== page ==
The Evil Dead franchise is one of the most popular, influential and beloved series of horror films in existence. During the early transition into what can be considered the modern horror film, there were three films that altered film language when approaching American horror that all came in relative short succession to each other. The first and decidedly the most influential was The Exorcist in 1973, where the approach to supernatural elements was taken from the baroque and overly fantastical worlds to that of a stark and utterly unforgiving perspective on the definition of evil, also beginning to test on-screen violence to that of mainstream audiences not usually journeying to the drive-ins for Roger Corman films or to grindhouses for the latest Roger Earl flick. This was during a time in which films bent on a more realistic perspective and tone were continuously flooding the market and influencing audiences while grandiose old displays of gothic horror were pushed to the wayside. However, this altered again in 1980 with the release of Stanley Kubrick’s The Shining.
The Shining took an approach primarily being used by European filmmakers to focus on the vastly appealing humanistic aspect to a horror film, but drive it more with the power of inference and mood. However, due to the timing of its release, the more popular film coming of age in the United States was the slasher film, brought on by John Carpenter’s Halloween 1978. It was not an overly violent film, but the times in which it was, it was explosive and provocative.
Now, the third film is Sam Raimi’s 1981 debut The Evil Dead. This is a film that took elements of mood, supernaturalism and violence and injected it with an overdose of adrenaline. Though its sequels could be called far more bombastic in tone and presentation, at its release The Evil Dead was a turning point in not only the way horror can be made, but also how horror is received. As opposed to The Shining and The Exorcist, which draw in its audiences with a mix of jump scares and fake-outs that when the horrific elements do actually start occurring, then they are that much more intensified, Raimi’s style was that of extremes.
The film was an excess experiment in low-budget filmmaking, as well as taking horror into a stlyalized direction not attempted before with dead-set purpose: camp. The film meshed cheesy and sardonic humor with some of the creepiest and most unsettling makeup effects ever put to screen in those days. From the way the Deadites are presented, to their voices, their eyes (especially), and their dialogue, the audience may be highly amused, others mortified. This is the strength of The Evil Dead franchise, the ability to effortlessly work in dark comedic elements and campiness with extreme horror and gore. If a scene required a gallon of blood, Raimi used ten gallons instead. This is what culminated in giving birth to the modern American horror film.
Now, whereas Drew Goddard and Joss Whedon’s The Cabin in the Woods is a great example of tongue-in-cheek genre satire (along with Wes Craven’s Scream series and Steve Miner’s Lake Placid), it succeeds where many parodys do not, it still is genuinely scary. Having all of this impact on the industry and audiences of horror films in the United States, does the prospect of a remake of such a pinnacle film sound like a good idea? Personally, no it is not. However, does that mean that Fede Alvarez’s 2013 remake is a bad film? Absolutely not. As a matter of fact, it is very effective and has some real stomach-churning elements that really give it a life of its own.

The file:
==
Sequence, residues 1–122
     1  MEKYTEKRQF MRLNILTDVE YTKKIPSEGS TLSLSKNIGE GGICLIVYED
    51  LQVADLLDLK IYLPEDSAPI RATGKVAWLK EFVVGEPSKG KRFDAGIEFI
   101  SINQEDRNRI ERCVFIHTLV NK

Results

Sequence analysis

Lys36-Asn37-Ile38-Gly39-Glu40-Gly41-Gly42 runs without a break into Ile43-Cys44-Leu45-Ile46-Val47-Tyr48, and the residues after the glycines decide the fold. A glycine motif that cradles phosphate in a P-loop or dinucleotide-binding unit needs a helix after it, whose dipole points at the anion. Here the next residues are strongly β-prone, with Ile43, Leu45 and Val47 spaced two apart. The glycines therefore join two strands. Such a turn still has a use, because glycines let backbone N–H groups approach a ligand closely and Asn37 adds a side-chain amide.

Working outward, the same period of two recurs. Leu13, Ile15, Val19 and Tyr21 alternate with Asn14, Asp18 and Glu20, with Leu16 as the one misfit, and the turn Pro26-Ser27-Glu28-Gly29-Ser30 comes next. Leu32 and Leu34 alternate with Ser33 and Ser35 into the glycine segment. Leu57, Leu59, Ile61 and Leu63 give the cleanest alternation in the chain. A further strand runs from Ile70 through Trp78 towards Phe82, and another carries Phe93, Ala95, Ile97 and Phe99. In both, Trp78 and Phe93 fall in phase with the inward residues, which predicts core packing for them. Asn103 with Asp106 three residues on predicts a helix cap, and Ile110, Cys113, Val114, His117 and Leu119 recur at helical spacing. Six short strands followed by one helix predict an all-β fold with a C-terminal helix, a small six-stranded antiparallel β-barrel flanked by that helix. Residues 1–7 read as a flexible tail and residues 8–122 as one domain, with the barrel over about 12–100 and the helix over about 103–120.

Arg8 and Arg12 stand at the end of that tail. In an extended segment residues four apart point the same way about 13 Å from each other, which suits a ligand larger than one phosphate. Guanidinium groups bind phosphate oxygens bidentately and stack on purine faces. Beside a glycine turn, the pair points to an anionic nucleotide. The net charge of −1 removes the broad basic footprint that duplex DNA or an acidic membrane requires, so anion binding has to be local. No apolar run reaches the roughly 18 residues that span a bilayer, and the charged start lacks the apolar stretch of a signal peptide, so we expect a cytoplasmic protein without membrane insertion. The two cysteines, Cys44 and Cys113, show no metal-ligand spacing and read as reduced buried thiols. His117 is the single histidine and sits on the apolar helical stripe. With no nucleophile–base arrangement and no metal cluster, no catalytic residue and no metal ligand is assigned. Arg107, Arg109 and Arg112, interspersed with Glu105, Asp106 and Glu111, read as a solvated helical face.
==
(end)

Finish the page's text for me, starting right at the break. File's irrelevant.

Where the original’s main character is the iconic Ash (played by Bruce Campbell), the primary focus in the remake is that of a brother and sister David and Mia (played by Shiloh Fernandez and Jane Levy respectively) and their friends in a cabin in the woods. From the very first frames of the movie, the entire world changed for something far darker and more grimy than the original. Where the comedy tussles with the horror in the original in an unbelievably effective way, this film focuses less on the fast paced editing and extreme camera movements that the original is noted possessing. This film is much more highly influenced by modern mood shock films such as Takashi Miike’s Imprint or Pascal Laugier’s Martyrs.
There isn’t still the same charm in the characters in the newer adaptation, not being a getaway to the woods, and them retreating from civilization to help Mia kick her current heroin addiction. From the start of the film it is obvious that this film was going to be a horror film without much self-parody. Tough the film is littered with in-jokes of the original series, as well as some great one-liners, it still doesn’t have the same connection with the characters in the story. Having said that however, the acting by the cast is absolutely phenomenal, with great emphasis placed on Jane Levy’s performance as Mia.
All in all, each film is a very good piece of work. But will Alvarez’ Evil Dead be able to have an impact in the ways its predecessor did? No. This film does not take the violence that so many movies exploit and take it to another level, nor does it water itself down either. In highest probability, Evil Dead will be remembered as a decent remake and original adaptation of the material, but films such as Yoshihiro Nishimura’s Tokyo Gore Police and Srdjan Spasojevic’s A Serbian Film have taken on-screen and off-screen violence to a higher level than originally believed possible. This is ushered on by the success of the torture porn horror market (the Saw and Hostel franchises notably) that still currently holds the mainstream horror industry in a stranglehold.
Written by Matthew Roe